Developments at the Fed
In December 2020, the Federal Reserve joined the Network for Greening the Financial System, an international organization of central banks and other regulators that seeks to address the economic effects of climate change through research and developing recommendations. Shortly after the change in administrations, the Fed announced the formation of its own Supervision Climate Committee, to be chaired by a senior level official from the New York bank, to study the consequences of climate change for the financial system due to its potential impact on individual companies.
In a February 2021 speech, Federal Reserve Board Governor Lael Brainard discussed the two different kinds of risks referenced in the Executive Order that climate change poses to the financial system, physical and transition risks. Both types of risks, she said, "could materialize as traditional financial risks to supervised institutions, including through increased credit, market, operational, reputational, and liquidity risk."
According to Governor Brainard, a key difficulty both kinds of risks pose to financial institutions and regulators is their uncertainty: "While the scientific evidence for climate change is unequivocal, estimates of the magnitude of climate-related financial risks are highly uncertain." Thus, she stated that better data, disclosures, and modelling techniques are necessary, including "scenario analysis," which identifies climate-related physical and transition risk factors facing financial firms, formulates appropriate stresses of those risk factors under different scenarios, and measures their effects on individual firms and the financial system as a whole.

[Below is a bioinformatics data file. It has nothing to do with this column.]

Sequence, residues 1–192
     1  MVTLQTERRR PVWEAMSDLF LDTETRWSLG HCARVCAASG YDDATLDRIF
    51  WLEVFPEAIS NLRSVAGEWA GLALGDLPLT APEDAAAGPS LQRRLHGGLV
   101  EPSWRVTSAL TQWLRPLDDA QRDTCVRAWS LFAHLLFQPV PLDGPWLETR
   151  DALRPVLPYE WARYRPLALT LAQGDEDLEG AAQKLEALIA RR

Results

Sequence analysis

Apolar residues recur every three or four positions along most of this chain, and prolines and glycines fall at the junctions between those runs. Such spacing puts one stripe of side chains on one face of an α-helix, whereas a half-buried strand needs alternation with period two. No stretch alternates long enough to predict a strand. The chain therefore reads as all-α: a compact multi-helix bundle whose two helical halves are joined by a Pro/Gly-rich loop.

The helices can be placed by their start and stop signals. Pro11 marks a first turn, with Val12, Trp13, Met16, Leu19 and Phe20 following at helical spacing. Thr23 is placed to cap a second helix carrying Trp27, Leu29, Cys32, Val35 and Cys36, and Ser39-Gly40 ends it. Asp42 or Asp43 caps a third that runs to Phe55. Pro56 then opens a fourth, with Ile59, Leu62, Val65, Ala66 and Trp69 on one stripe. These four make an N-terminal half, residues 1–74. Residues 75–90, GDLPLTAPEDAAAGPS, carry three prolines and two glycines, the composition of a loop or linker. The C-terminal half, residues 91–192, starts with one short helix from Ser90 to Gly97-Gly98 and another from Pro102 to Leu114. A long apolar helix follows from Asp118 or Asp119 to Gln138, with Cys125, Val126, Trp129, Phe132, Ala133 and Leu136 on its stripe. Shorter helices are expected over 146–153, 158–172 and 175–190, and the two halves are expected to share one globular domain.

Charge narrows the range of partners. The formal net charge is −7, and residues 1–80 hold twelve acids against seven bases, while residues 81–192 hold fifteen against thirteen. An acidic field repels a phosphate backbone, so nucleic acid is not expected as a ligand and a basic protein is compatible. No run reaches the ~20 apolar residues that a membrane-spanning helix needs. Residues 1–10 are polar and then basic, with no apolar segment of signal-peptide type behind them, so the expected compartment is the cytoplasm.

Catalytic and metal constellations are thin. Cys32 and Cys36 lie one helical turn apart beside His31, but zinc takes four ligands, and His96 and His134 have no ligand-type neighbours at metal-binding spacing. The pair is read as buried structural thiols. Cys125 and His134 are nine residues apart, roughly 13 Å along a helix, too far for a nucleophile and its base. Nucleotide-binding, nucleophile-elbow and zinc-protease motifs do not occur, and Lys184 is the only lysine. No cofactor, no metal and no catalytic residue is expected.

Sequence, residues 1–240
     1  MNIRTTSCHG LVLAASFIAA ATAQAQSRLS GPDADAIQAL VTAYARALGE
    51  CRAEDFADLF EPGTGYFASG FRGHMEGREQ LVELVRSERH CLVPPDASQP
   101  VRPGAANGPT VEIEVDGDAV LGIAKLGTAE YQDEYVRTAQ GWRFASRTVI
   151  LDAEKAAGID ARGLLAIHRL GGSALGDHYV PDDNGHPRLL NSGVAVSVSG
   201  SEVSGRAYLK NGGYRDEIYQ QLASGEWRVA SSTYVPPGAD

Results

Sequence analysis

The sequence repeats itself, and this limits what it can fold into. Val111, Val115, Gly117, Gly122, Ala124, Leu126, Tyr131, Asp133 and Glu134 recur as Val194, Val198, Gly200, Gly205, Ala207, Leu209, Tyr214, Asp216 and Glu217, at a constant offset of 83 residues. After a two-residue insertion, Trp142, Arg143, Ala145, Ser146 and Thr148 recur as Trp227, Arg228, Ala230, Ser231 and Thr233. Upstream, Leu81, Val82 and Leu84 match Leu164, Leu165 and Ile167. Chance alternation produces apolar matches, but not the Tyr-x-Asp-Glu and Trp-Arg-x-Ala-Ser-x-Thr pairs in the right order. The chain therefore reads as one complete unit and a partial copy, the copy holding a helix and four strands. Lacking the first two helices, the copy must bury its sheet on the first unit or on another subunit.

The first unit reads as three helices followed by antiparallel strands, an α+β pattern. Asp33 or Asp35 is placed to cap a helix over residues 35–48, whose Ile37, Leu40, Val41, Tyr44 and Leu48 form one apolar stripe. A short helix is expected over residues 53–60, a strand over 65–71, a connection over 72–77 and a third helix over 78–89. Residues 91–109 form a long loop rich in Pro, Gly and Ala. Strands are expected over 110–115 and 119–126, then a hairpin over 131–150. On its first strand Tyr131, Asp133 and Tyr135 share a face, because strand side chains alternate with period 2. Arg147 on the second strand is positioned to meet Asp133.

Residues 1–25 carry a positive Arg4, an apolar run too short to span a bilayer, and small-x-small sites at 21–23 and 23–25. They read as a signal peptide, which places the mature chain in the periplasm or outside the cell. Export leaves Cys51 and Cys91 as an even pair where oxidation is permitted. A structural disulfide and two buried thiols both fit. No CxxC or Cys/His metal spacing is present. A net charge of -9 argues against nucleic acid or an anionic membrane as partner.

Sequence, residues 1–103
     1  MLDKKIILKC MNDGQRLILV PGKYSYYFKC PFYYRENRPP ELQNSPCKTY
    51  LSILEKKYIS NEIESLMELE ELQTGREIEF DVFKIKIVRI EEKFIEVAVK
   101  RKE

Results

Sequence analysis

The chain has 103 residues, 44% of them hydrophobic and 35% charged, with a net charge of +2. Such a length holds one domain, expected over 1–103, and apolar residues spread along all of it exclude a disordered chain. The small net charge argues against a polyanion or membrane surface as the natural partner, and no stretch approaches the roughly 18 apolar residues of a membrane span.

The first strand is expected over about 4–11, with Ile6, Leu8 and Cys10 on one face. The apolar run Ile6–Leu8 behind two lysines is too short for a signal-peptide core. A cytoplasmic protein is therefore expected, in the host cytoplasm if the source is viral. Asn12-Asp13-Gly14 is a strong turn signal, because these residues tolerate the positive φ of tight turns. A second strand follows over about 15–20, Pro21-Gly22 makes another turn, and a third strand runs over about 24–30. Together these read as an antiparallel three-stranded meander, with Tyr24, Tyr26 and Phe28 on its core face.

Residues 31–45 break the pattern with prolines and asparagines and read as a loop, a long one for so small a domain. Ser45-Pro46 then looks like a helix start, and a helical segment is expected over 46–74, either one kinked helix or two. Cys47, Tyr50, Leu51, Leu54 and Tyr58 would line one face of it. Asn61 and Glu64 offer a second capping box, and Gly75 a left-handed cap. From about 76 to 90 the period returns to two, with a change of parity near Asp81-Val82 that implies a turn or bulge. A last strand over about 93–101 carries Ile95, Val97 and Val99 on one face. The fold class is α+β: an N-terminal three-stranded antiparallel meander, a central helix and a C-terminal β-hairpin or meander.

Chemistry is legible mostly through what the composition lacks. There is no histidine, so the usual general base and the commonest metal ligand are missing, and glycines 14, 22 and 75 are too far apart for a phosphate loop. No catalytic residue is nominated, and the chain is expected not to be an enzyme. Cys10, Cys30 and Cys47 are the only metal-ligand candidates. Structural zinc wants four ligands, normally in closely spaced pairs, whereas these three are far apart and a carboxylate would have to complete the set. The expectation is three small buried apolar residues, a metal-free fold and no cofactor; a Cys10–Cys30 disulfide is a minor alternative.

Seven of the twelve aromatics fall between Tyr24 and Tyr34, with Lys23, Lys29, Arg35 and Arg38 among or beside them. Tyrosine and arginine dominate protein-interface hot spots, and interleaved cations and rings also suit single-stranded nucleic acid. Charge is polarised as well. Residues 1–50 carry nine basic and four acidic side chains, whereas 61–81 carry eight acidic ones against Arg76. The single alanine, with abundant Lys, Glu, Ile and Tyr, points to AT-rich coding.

Thus, on March 23, Governor Brainard announced the Fed’s establishment of the Financial Stability Climate Committee (FSCC), the purpose of which is "to identify, assess, and address climate-related risks to financial stability." The Governor distinguished the FSCC’s function from that of the previously created Supervision Climate Committee (SCC): "The FSCC will approach this work from a macroprudential perspective – that is, one that considers the potential for complex interactions across the financial system." The SCC’s approach is "microprudential," concerned with risks at the level of individual firms.
On the same day as Governor Brainard announced the FSCC,’s formation, Fed Chairman Jerome Powell testified before the House Financial Services Committee. Although the Chairman initially was tentative in discussing the Fed’s approach to climate-related risks ("We actually are just in the very early stages of considering stress scenarios"), he also stated definitively that the Fed’s study of climate-related risks should be considered part of the Fed’s general mandate to manage financial risks rather than a new endeavor.